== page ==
As I mentioned in the last post, I see two major categories for reform: 1) Increasing the transparency of financial transactions from the credit-card consumer-level to the hedge fund-level, and 2) breaking up the "Too-Big-To-Fail" banks. In my mind, both are absolutely critical and one is nearly useless without the other.
I know the phrase 'Too Big To Fail' has been thrown around A LOT lately (almost to the point of becoming cliché) but what exactly does it mean? Again, let's go to my current favorite book (13 Bankers):
Certain financial institutions are so big, or so interconnected, or otherwise so important to the financial system that they cannot be allowed to go into an uncontrolled bankruptcy; defaulting on their obligations will create significant market losses for other financial institutions, at a minimum sowing chaos in the markets and potentially triggering a domino effect that causes the entire system to come crashing down.No one in their right mind would ever argue for the existence of financial institutions that are Too Big To Fail. Fixing this problem was the rallying cry from nearly everyone in the financial world (both financiers and regulators) at the time of the near-collapse in late 2008. The reason that everyone appeared on the same side was because the problem caused by Too Big To Fail institutions was such a blatant affront to the very foundation of the free market that no one in their right mind would argue for their existence. And the consequences of bailing out Too Big To Fail banks was clear as day to everyone in late 2008: the mega-banks get the benefits of all of the risks that they took over the preceding years and the taxpayer bears the enormous cost of these risks once they exploded. It is privatized gains and socialized losses. Essentially...if you think Obama's health reform plan was socialistic, then this is even at another level beyond that (at least in a socialistic system, the taxpayer gets the gains as well as the losses).
And once an institution realizes that they are Too Big To Fail, they now have the perverse incentive to take more risks because they are implicitly backed by the federal government. This gives them an enormous competitive advantage over smaller banks who do not have this implicit government backstop. It is completely unfair and antithetical to everything that capitalism stands for.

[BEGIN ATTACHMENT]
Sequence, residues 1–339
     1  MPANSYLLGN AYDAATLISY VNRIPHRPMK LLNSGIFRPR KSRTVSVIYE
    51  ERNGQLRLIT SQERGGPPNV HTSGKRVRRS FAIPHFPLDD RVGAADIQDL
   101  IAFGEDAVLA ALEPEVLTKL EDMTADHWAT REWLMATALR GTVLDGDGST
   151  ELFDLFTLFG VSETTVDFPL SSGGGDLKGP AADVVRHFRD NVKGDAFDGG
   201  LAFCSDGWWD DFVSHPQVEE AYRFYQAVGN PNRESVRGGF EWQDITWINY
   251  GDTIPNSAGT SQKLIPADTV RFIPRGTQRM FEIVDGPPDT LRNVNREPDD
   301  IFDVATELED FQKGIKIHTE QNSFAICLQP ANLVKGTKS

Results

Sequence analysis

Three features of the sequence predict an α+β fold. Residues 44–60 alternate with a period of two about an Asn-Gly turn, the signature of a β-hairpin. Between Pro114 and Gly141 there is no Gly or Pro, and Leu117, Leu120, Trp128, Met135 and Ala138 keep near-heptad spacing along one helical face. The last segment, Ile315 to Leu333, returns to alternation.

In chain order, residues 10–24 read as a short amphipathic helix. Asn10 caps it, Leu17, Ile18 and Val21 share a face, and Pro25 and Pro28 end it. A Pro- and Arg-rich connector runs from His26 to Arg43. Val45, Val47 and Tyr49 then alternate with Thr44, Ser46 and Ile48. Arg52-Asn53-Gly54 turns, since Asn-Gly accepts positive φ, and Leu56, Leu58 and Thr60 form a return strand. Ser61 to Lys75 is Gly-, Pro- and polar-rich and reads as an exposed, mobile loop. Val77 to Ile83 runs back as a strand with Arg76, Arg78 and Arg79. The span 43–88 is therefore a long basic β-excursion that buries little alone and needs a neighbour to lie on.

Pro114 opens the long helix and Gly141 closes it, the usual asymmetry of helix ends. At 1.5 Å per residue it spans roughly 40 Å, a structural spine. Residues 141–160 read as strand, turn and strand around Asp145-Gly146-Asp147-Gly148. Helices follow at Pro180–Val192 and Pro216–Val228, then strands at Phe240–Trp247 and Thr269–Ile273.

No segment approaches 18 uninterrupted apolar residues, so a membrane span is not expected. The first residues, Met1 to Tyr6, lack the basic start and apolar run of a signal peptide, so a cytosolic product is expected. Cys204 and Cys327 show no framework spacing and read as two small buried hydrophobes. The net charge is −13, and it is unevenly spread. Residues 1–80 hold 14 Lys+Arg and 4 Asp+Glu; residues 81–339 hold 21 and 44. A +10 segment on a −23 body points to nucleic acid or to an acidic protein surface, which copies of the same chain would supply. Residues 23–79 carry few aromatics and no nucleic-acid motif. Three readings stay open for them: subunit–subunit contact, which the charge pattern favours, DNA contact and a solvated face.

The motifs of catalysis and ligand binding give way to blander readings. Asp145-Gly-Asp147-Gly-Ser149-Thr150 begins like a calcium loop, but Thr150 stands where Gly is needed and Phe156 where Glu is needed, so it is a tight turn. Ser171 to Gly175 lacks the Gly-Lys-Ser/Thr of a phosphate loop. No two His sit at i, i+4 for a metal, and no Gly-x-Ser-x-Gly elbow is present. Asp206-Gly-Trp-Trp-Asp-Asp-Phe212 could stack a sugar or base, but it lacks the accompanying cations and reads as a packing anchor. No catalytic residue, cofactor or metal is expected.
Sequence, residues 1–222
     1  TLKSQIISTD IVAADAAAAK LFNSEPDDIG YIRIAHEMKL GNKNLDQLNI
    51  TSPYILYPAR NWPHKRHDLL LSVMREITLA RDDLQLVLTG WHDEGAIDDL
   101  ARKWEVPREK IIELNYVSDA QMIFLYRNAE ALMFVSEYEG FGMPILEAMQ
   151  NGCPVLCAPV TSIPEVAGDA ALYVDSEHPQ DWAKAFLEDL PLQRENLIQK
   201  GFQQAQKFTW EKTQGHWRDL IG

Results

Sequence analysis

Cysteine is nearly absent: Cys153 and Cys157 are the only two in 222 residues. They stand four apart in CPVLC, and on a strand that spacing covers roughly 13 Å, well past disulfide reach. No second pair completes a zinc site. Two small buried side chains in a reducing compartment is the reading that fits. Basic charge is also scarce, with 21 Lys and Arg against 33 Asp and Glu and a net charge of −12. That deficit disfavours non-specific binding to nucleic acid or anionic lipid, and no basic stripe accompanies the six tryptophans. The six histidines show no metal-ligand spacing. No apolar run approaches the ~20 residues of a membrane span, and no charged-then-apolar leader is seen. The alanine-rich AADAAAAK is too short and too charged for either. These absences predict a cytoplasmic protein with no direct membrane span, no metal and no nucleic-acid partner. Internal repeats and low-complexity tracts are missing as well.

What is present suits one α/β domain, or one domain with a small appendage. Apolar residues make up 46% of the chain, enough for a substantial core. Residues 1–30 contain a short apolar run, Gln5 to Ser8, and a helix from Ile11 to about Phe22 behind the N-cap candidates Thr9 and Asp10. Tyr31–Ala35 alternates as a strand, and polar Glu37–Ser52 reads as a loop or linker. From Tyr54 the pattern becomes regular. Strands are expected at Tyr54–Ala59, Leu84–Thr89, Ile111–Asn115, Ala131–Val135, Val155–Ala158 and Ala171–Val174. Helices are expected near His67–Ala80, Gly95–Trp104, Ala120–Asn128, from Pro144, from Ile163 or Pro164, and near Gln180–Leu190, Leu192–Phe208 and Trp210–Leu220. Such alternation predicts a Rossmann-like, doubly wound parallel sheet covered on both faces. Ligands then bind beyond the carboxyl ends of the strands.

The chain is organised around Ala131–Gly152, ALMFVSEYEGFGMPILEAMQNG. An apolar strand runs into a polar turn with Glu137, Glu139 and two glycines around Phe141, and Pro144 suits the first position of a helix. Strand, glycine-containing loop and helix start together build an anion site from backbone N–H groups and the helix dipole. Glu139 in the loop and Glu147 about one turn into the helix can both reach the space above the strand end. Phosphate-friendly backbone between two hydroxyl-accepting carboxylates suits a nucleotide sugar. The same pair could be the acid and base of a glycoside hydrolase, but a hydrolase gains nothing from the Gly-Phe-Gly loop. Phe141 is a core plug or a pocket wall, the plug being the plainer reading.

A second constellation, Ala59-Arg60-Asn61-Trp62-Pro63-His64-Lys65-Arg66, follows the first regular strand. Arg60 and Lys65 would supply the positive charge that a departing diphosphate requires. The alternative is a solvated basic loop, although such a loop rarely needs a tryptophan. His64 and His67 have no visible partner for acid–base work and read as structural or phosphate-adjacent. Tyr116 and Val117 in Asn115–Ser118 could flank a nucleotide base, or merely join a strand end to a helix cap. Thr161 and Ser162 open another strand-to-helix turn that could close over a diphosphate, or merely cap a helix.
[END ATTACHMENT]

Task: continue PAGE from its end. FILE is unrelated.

One of the big rallying cries of the right during the financial reform debate has been to get rid of Fannie Mae and Freddie Mac (the government-supported entities that create liquidity in the housing market). And I completely agree with that argument for the reasons I discussed above. Fannie and Freddie are Too Big To Fail. But in order to stay intellectually consistent, those same people who argue for the dissolution of Fannie and Freddie should also be for breaking up the mega-banks for the exact same reason. Essentially, Fannie and Freddie are explicitly backed by the federal government and the mega-banks are implicitly backed by the federal government. There is zero difference when it comes to their power to corrupt our economic system.
This is why this is so frustrating. This should not be a left vs right issue. This is clearly not an example of the free market working as planned. But those against reform are buying the completely bogus piece of propaganda from those interested in keeping the status quo: "This is a government takeover of the financial sector!" Good sweet Lord...it's just amazing to see and hear the financial sector make this argument. The mega-banks have been holding the American government and taxpayers hostage for years and they are the ones crying about being taken over? Give me a friggin' break.